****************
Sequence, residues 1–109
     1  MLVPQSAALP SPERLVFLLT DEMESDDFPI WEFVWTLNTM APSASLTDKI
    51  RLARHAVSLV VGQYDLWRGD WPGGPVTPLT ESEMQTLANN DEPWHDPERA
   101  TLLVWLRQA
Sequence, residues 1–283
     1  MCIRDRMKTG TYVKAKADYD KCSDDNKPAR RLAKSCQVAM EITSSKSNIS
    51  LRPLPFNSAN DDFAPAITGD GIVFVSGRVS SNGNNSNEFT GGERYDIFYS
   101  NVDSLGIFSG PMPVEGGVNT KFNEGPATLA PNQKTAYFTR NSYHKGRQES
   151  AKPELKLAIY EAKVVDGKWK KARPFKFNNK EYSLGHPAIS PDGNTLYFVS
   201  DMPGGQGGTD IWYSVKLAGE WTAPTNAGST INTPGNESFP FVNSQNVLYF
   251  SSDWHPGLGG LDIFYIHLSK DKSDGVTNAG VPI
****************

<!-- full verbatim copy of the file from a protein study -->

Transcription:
Sequence, residues 1–109
     1  MLVPQSAALP SPERLVFLLT DEMESDDFPI WEFVWTLNTM APSASLTDKI
    51  RLARHAVSLV VGQYDLWRGD WPGGPVTPLT ESEMQTLANN DEPWHDPERA
   101  TLLVWLRQA
Sequence, residues 1–283
     1  MCIRDRMKTG TYVKAKADYD KCSDDNKPAR RLAKSCQVAM EITSSKSNIS
    51  LRPLPFNSAN DDFAPAITGD GIVFVSGRVS SNGNNSNEFT GGERYDIFYS
   101  NVDSLGIFSG PMPVEGGVNT KFNEGPATLA PNQKTAYFTR NSYHKGRQES
   151  AKPELKLAIY EAKVVDGKWK KARPFKFNNK EYSLGHPAIS PDGNTLYFVS
   201  DMPGGQGGTD IWYSVKLAGE WTAPTNAGST INTPGNESFP FVNSQNVLYF
   251  SSDWHPGLGG LDIFYIHLSK DKSDGVTNAG VPI